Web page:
Reflections on Evelyn G Lowery’s Civil Rights Heritage Tour
By Courtney Hanson
I had the opportunity last weekend to attend Mrs. Evelyn G Lowery’s Civil Rights Heritage Tour. It was a life-changing two days visiting monuments of ‘martyrs of the movement’ and marching across the Edmond Pettus bridge, hearing the untold stories of the women so dedicated to Civil Rights work, and putting the current struggle for justice in context.
Each stop served as a reminder not just of the brutality black people faced, but of the courage and sacrifice they endured for basic Civil Rights, especially the right to vote -- the 16th Street Baptist Church in Birmingham where three girls died as a result of a bomb, Zion United Methodist Church in Marion, where Jimmie Lee Jackson was shot for defending his mother against the brutal hands of white police, the site of a tent city where poor blacks kicked off their land after registering to vote resettled.
And with each stop, usually came the story of how women played a role in the movement with each particular march, meeting, or effort to pick up the pieces after an atrocity. Mrs. Lowery really lifted up women so often put as an afterthought or left out completely of history books and our collective consciousness.
Rosa Parks, contrary to popular myth, wasn’t just a weary woman with tired feet. She was an organizer dedicated to fighting for equal rights. It was thanks to the work of Rosa Parks and JoAnn Gibson Robinson that the Montgomery bus boycott was launched. After Parks was arrested, Robinson stayed up all night making 50,000 handbills advertising the bus boycott.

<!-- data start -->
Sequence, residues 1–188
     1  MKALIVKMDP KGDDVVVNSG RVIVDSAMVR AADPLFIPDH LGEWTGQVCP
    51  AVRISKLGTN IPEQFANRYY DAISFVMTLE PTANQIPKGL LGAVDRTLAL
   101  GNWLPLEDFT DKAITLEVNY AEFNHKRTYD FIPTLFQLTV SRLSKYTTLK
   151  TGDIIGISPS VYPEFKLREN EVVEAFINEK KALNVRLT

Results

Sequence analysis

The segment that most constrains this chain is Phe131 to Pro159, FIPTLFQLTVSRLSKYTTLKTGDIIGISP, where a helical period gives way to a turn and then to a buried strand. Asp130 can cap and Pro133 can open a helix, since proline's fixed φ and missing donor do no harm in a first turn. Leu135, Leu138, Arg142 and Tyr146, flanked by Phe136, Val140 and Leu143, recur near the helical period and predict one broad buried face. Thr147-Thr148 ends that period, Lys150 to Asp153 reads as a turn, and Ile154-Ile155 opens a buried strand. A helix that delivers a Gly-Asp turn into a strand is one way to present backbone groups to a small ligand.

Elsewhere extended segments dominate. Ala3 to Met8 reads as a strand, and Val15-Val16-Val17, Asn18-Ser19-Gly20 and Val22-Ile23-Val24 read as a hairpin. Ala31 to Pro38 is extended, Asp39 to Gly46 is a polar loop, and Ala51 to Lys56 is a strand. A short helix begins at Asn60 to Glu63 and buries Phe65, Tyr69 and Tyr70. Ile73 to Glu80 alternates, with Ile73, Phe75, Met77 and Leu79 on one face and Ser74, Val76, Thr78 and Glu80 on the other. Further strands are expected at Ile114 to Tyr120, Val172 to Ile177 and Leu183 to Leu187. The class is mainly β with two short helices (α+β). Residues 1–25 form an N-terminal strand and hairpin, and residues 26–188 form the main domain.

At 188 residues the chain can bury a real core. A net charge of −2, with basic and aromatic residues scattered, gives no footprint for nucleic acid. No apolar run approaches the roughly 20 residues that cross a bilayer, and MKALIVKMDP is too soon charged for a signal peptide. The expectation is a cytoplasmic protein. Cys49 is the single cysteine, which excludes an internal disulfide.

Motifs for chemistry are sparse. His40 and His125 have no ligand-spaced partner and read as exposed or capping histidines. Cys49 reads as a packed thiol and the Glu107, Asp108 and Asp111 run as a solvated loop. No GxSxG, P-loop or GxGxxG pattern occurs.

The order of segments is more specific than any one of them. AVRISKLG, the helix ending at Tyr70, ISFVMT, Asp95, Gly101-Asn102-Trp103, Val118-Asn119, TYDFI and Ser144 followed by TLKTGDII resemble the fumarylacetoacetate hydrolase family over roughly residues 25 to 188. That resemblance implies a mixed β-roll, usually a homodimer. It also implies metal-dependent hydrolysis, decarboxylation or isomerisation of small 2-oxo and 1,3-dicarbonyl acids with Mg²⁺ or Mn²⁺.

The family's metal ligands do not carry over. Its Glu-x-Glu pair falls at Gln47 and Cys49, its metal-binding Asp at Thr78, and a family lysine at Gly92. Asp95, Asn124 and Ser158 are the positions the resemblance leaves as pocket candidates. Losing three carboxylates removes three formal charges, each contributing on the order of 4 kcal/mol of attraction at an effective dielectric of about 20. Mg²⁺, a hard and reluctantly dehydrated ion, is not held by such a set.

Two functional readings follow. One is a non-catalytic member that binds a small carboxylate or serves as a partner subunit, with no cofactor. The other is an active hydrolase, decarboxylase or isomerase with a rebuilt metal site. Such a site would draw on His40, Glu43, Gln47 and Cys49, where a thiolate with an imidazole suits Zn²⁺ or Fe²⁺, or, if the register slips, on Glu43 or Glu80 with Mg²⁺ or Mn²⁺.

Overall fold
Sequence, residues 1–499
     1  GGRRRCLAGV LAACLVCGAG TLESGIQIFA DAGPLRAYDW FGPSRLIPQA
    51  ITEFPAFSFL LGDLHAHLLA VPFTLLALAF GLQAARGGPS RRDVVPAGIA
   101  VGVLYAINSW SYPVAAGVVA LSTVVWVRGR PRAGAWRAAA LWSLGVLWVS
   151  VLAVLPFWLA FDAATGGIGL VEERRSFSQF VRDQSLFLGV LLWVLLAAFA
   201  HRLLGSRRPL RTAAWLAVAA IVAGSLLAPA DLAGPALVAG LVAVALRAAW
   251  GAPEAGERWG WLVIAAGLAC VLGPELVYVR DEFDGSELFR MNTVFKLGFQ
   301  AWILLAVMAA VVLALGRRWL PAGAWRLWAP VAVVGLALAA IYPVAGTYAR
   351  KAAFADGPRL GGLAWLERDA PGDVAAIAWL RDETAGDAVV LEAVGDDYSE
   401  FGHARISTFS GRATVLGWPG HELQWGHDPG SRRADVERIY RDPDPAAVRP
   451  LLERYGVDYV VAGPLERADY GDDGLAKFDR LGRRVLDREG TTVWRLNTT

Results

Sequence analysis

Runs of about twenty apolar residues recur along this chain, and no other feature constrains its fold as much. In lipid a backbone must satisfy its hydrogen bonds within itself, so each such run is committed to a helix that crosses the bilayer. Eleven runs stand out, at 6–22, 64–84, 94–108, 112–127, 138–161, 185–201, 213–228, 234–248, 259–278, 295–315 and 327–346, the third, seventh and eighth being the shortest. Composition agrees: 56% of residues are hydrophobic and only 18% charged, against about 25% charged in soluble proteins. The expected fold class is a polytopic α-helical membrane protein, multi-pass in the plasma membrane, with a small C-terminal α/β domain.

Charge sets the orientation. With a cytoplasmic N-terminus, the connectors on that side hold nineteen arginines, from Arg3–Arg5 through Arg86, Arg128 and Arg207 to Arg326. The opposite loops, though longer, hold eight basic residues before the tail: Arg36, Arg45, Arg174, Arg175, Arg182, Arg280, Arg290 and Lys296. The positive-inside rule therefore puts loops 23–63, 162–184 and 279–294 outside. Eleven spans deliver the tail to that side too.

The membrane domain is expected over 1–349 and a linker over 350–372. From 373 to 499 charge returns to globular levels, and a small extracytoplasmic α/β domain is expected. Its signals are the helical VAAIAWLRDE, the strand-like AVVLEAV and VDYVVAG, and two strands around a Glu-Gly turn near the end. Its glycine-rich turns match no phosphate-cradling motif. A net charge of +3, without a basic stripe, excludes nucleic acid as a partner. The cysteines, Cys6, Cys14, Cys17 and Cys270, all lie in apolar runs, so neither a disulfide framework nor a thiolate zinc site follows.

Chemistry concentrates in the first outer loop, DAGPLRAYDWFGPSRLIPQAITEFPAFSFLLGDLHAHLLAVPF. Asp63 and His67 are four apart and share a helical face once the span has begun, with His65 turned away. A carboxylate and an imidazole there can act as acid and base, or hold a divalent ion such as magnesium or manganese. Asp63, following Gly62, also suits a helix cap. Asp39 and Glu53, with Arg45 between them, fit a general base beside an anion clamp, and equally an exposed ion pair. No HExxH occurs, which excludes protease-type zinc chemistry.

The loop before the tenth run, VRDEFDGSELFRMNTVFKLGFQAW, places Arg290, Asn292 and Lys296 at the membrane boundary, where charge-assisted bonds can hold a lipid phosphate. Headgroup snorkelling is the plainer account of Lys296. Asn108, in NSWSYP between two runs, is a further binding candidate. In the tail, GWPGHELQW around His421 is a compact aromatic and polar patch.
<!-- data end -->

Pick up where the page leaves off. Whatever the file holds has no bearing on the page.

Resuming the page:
Viola Luizzo is a name you hear far less often than other Civil Rights icons, but it was her death that is widely attributed as the straw that broke the proverbial camel’s back. Just days after this white housewife from Detroit,who drove to the South to lend her hand in the fight for Civil Rights, was murdered in her car while transporting marchers from Montgomery to Selma, President Lyndon B Johnson signed the Voting Rights Act of 1965.
The trip was also a reminder of why our movement looks different today. Gone are the firehouses and dogs unleashed on minorities. Gone are segregated schools and lunch counters. Gone are the days when a black vote counted for just 3/5 of a white vote.
But today, many argue slavery is still alive and well in the form of our criminal justice system an that lynching has taken new life in teh form of the death penalty. Minorities and poor people still struggle greatly for equal access to the voting booth.
So, standing on the shoulders of Rosa Parks and Viola Luizzo, Corretta Scott King and JoAnn Gibson Robinson, we continue the fight.
“What did they say by the Rosa Parks statue,” one tour participant who stayed on the bus to avoid the cold asked.
“It doesn’t matter,” her seatmate said. “What matters is there was a row of little Rosa Parks standing there and learning.”